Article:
Jan 29, 2001
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As President of the Working Solo consultancy, Terri Lonier advises Fortune 500 firms on how to reach the rapidly growing small office/home office (SOHO) market. Her clients have included Microsoft, Intuit, Cisco, HP and Bank of America.
Q: What's the biggest misconception that big businesses have about small ones?
Lonier: What always surprises me is that I'll be at a conference and someone will say, "I just have one quick question: how do you market to SOHOs and small businesses?" So, the biggest misunderstanding is that they think there is one way to market and that there is one market!
This market is not homogeneous in any way. It's composed of a lot of micromarkets.
Q: How do you help clients who have products with a broad appeal market across the micromarkets?
Lonier: We sit down with them and say, "Let's take a look at your strengths and what you bring to the market already." Some clients say, "We feel totally lost, we see X company is having great success. Should we try that?" Our advice is instead of jumping on the bandwagon and adapting somebody else's marketing methods, always look at your strengths first. It may be an installed base, or demand, etc.
You also have to have a very clear idea of what you want to achieve. Sometimes big business marketers just have this amorphous feeling of "We just want to do better in this market." I try to pin them down -- is it units shipped? Brand recognition? Dollars? Profits? There are a lot of ways to target success. You need to be clear about the tangible goal you want to achieve.
Q: Is there anything the micromarkets have in common?
Lonier: There are several characteristics. They crave freedom and independence. They operate with a checkbook mentality. (They don't have someone on the 17th floor to send invoices to. They look at the checkbook and say, is this going to be possible for me?)
We really focus on the SOHOs which we define as 20 employees or less. The center of that circle are one-two people businesses and that's what we call "working solo." They have different motivators than a company of 35. They are what I call a mass market of individuals.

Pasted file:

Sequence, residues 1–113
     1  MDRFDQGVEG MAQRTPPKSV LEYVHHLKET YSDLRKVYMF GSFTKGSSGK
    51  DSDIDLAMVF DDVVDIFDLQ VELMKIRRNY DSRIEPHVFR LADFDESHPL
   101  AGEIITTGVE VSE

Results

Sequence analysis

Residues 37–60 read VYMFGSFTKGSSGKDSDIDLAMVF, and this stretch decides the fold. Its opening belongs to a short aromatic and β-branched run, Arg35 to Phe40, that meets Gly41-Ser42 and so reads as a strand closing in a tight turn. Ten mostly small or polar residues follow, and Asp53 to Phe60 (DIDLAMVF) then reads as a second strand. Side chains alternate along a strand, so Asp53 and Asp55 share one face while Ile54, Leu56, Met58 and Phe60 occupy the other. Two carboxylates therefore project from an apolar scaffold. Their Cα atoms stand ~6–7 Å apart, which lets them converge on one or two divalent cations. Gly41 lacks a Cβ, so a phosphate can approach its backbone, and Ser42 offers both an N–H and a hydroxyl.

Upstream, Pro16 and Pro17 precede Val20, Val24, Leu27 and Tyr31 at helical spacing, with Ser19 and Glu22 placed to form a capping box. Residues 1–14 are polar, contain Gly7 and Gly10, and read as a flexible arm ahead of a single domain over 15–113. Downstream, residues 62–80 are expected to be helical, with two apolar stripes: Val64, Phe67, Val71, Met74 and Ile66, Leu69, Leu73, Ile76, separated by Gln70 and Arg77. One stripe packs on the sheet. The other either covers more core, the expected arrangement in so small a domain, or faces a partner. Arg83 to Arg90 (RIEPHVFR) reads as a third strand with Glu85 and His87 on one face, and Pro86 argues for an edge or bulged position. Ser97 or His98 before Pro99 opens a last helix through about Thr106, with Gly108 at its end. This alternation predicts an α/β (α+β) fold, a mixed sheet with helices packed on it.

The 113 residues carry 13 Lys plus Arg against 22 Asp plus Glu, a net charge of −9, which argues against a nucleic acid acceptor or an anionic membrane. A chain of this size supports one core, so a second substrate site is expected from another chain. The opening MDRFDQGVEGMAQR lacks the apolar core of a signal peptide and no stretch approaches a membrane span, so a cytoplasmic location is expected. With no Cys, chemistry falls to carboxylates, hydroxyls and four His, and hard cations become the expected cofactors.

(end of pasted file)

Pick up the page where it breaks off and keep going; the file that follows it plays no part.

It's a tantalizing opportunity out there. But, you can also go through your marketing dollars so fast it will take your breath away! It's a mixture of consumer and business markets. They are making decisions for business reasons, but in many ways they act like consumers because you must reach them one at a time through consumer methods -- or more effectively through partnerships.
Q: Which are the best partnerships to reach this solo market?
Lonier: Some of the partnerships that have been done with telcos and ISPs seem to be working well because individual customers are self-selecting. You can build relationships with people who are just starting or expanding a business, and that's a time when they're going to be investing.
This market is really loyal if you treat them well from the first encounter.
The one mistake most companies make is saying, "We don't want to deal with a SOHO until they're really big enough for us." If you scorn them in their initial days, if you say, "Come back to us when you have three years of tax returns", they'll remember that. They don't have time to go shopping for new suppliers all the time. They won't switch when they are "big enough" for you unless the value proposition is significantly better. This is a fairly conservative group.
Q: What works when marketing to SOHOs via email?
Lonier: We've seen a great interest in email newsletters. This market is starved for information. They operate from two spheres -- the passion sphere where they are passionate about cabinet making or their salsa recipe, and the business sphere. The business sphere is the one most would rather ignore, or they feel intimidated, or they don't know much about it.
If a corporate provider can help them navigate the business sphere effectively and painlessly (and gosh maybe even have some fun) then that company will have greater success in this market.
You need to act as a partner to the SOHO customer -- to help them succeed. Selling to SOHOs is really not about standing on one side of the counter saying "I have this, buy it." It's really about walking around to the other side of the counter and saying, "This is the product or service we offer. Together we can help your business succeed." It's a subtle distinction but a crucially important one.
NOTE: Every Summer Working Solo holds the Soho Summit, a three day event specifically for business leaders of mainly large companies targeting the SOHO marketplace. While the event is an outstanding educational opportunity, Lonier feels its greatest value may be the potential partnerships with each other attendees walk away with. To learn more go to the link below.